What Odds at City Hall: 21 March 2022

Pasture Land Road lives up to its name after all, WerkLiv is back before Council, and a sobering reflection on racism in St. John’s.

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Quick tally at the top: Deputy Mayor Sheilagh O’Leary and Cllr Debbie Hanlon tuned in virtually to Monday’s City council meeting—with Cllr Maggie Burton running a few minutes late but also joining virtually. Only Cllr Ron Ellsworth was absent.

Turns Out Pasture Land Road Actually Was Pasture Land This Whole Time

As Cllr Carl Ridgeley said he would in last week’s unusual Tuesday council meeting, he made a motion to rescind a resolution and for Council to approve the Crown Land License to occupy 1028 hectares of land on Pasture Land Road. The license is also limited to a five year term, with a cap on the number of animals.

Back on February 7’s council meeting, Council voted to reject the Crown application, with Cllr Jamie Korab explaining it wasn’t an appropriate use within a protected watershed. 

At the time, Cllr Ridgeley had asked to defer the decision for another week, which Cllr Ellsworth shot down, explaining the importance of protecting watersheds. Cllr Ridgeley also wanted to clarify around what portion of the Crown land was in the watershed? Chief Municipal Planner Ken O’Brien said that the entire 1028 hectares of land were in the Thomas Pond Watershed.

Since then new information about the land has come to light.

It wasn’t mentioned during the council meeting but according to the agenda, apparently after the February 7 meeting, the province provided some additional information. As it turns out, the land has been used as pasture land since the 1960s—so I guess the name Pasture Land Road was more apt than I thought.

A local committee took over management of the area in 1979, and then in 1995 a License to Occupy was awarded to the Foxtrap Agricultural Society.

Fast forward to 2018 and the society said they no longer wanted to manage the pasture land and the license was canceled in the fall of 2021. Now a new license has been advertised and the winner was the Foxtrap Pastureland Association Inc., who are listed on the current Crown Land referral.

On top of all that history, the proposed License area is recognized by the province’s Department of Fisheries, Forestry and Agriculture St. John’s Agriculture Development Area.

So if the license to occupy is approved by the province, they would still need to submit a Development Application to the City for the continuation of a Non-Conforming Use. If that’s approved, the next move is to outline the appropriate conditions, like the number of animals allowed.

Thomas Pond Watershed. (Source: City Agenda, 21 March 2022.)

Council then approved a 4.91 metre building line at 8 Forde Drive to accommodate a covered porch for a new single detached dwelling.

Back on February 28, Council signed off on a rear yard variance of 6.3 percent and now the builders want a porch.

Moving along, they okay-ed a dwelling extension at Healey’s Pond Crescent in the Broad Cove River Watershed, Town of Portugal Cove – St. Phillip’s.

Cllr Jamie Korab said “An application has been referred from The Town of Portugal Cove – St. Phillip’s requesting approval for the extension of an existing dwelling at 42 Healey’s Pond Crescent. This property is located in the Broad Cove River Watershed. The existing dwelling is 92.90 m² , while the proposed expansion is for a 44.59 m² slab on grade double garage.”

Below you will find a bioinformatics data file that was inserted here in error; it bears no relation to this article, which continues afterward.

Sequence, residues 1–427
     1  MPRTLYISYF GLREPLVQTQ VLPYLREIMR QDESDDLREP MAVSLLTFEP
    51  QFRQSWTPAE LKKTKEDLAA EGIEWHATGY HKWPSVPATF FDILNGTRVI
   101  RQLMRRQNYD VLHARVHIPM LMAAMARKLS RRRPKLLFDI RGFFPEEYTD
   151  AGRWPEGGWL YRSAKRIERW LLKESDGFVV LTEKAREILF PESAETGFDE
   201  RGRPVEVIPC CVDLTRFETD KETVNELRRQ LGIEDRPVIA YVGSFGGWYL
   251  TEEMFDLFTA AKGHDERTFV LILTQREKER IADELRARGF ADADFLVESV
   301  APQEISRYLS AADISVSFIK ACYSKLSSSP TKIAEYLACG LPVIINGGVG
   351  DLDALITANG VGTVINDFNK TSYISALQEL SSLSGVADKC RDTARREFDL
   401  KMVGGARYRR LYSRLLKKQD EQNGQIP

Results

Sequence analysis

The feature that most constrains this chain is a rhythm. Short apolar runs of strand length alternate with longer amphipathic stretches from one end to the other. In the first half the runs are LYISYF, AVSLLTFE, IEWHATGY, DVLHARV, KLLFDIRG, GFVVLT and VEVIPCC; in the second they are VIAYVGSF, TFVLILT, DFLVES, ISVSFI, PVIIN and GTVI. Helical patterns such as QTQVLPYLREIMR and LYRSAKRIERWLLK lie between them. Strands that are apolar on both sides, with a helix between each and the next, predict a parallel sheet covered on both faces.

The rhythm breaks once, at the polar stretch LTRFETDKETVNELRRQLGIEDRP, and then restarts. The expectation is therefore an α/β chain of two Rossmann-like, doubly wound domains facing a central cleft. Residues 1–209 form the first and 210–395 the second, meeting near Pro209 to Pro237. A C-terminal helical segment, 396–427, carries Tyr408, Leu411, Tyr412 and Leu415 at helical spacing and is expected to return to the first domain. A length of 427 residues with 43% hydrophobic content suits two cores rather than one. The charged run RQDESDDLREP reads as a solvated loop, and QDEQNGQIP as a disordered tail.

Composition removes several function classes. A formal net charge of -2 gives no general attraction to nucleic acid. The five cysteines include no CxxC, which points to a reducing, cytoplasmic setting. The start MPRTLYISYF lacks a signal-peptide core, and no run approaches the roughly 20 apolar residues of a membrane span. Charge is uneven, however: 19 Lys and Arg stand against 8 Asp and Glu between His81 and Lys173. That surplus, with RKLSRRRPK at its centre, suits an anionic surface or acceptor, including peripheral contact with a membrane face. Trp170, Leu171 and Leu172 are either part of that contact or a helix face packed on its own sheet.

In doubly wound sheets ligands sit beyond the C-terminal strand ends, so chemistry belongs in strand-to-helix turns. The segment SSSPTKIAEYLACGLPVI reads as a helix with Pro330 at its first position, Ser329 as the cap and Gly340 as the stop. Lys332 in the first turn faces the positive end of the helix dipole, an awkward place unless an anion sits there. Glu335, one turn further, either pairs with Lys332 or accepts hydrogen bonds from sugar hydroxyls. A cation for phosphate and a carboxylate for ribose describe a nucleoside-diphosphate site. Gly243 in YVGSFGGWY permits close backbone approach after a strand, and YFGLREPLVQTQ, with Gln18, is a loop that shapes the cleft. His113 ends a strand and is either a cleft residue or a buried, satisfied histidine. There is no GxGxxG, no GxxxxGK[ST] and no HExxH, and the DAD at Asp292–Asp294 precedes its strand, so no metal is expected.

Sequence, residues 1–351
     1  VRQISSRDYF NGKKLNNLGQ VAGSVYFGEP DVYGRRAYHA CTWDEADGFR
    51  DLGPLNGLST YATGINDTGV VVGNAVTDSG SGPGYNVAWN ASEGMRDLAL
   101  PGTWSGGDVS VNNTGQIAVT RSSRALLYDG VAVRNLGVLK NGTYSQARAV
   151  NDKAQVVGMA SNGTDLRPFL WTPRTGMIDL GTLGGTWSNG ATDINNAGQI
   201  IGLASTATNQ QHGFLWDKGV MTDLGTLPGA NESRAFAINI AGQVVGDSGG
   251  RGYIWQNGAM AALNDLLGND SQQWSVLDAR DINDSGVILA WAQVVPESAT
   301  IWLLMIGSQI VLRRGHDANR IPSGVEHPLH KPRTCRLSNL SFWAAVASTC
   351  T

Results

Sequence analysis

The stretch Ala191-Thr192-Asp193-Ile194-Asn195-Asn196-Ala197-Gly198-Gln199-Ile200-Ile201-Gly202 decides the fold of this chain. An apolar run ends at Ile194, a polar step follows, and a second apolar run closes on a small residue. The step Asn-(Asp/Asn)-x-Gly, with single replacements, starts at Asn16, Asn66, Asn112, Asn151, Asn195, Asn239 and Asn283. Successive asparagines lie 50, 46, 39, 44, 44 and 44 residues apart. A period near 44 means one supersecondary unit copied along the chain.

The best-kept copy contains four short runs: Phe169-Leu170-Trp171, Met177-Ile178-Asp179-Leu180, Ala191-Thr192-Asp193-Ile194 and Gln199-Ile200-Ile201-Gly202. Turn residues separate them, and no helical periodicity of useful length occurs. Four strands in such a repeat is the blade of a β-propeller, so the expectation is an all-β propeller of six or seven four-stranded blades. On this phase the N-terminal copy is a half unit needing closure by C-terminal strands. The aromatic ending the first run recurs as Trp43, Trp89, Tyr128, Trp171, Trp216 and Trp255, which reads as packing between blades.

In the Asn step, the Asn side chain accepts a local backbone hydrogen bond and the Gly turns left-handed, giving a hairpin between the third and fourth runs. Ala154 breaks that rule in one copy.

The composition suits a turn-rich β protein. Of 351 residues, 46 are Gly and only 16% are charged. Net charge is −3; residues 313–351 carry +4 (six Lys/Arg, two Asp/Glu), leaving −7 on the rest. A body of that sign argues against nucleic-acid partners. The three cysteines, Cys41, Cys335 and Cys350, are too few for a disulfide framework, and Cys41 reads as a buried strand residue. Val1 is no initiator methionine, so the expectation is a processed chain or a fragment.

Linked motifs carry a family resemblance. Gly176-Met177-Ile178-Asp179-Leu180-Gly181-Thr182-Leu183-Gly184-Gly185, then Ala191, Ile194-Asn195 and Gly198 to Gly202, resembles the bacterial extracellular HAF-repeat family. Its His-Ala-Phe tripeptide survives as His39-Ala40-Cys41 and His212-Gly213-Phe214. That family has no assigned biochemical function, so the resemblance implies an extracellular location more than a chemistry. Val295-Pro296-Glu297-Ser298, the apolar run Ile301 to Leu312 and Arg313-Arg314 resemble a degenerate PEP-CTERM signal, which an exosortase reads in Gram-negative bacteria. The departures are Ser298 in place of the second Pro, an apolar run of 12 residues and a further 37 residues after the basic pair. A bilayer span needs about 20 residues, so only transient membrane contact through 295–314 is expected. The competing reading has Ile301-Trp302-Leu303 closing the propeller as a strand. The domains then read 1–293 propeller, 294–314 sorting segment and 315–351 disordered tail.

“Development of lands within the Watershed and situated within the legal municipal boundary of the Town of Portugal Cove—St. Phillip’s is subject to Section 104(4) of the City of St. John’s Act, and therefore must be referred to the City for review and approval. Under this section, Council may permit an extension to an existing dwelling where the extension is necessary to provide adequate living quarters, provided the extension shall not exceed ½ the cubic content of the existing dwelling.”

42 Healey’s Pond Crescent and its place within the Broad Cove Watershed. (Source: City Agenda, 21 March 2022.)

Making St. John’s Resilient

Then the Resilient St. John’s Community Climate Plan was before Council.

They voted to adopt the plan, as well as a few more items: adopting community greenhouse gas emission reduction targets from the estimated 2016 baseline of 25 percent by 2025, 50 percent by 2030 with a stretch target of 60 percent, and net-zero by 2050 at the latest.

Council also directed the City Manager to return to Council with a resource plan, as well as directed staff to integrate the outlined actions in the plan into the multi-year capital plan and future annual budgets for consideration. They are also directing the Environmental and Sustainability Experts Panel to develop terms of reference for a task force that will support the implementation of the Resilient St. John’s Climate Plan.

Cllr Ian Froude said in May they adopted a corporate climate plan, which related to the operation of the City—so things like plows and buildings the City owns. This plan is about the City, and includes how people move around, energy used by homes and businesses, and the like.

Froude said as a municipality, they play a “crucial role in how people live their day-to-day lives, and subsequently how we respond to climate change as a community.”

He added this plan is in line with the province’s plan to reduce greenhouse gasses.

“There is a cost associated with this, but the return is greater than that,” Froude explained. “So specifically the savings add up quickly over the 28 years to an overall return of nearly $1.8 billion, which is a 33 percent return on $5.5 billion investment needed to realize the transition. The majority of the financial benefit is due to the $7 billion in avoided energy and carbon costs as well as the maintenance associated with the energy efficiency and fuel switching.”